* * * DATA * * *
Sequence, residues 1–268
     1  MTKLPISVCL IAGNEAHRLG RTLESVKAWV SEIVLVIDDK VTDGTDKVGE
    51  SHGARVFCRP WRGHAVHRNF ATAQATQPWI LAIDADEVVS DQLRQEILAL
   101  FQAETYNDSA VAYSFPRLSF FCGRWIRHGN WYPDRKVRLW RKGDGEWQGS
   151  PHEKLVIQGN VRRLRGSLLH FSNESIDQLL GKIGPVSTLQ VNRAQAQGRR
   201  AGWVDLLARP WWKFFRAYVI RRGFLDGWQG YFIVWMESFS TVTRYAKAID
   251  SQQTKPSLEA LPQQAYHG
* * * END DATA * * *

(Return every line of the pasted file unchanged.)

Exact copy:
Sequence, residues 1–268
     1  MTKLPISVCL IAGNEAHRLG RTLESVKAWV SEIVLVIDDK VTDGTDKVGE
    51  SHGARVFCRP WRGHAVHRNF ATAQATQPWI LAIDADEVVS DQLRQEILAL
   101  FQAETYNDSA VAYSFPRLSF FCGRWIRHGN WYPDRKVRLW RKGDGEWQGS
   151  PHEKLVIQGN VRRLRGSLLH FSNESIDQLL GKIGPVSTLQ VNRAQAQGRR
   201  AGWVDLLARP WWKFFRAYVI RRGFLDGWQG YFIVWMESFS TVTRYAKAID
   251  SQQTKPSLEA LPQQAYHG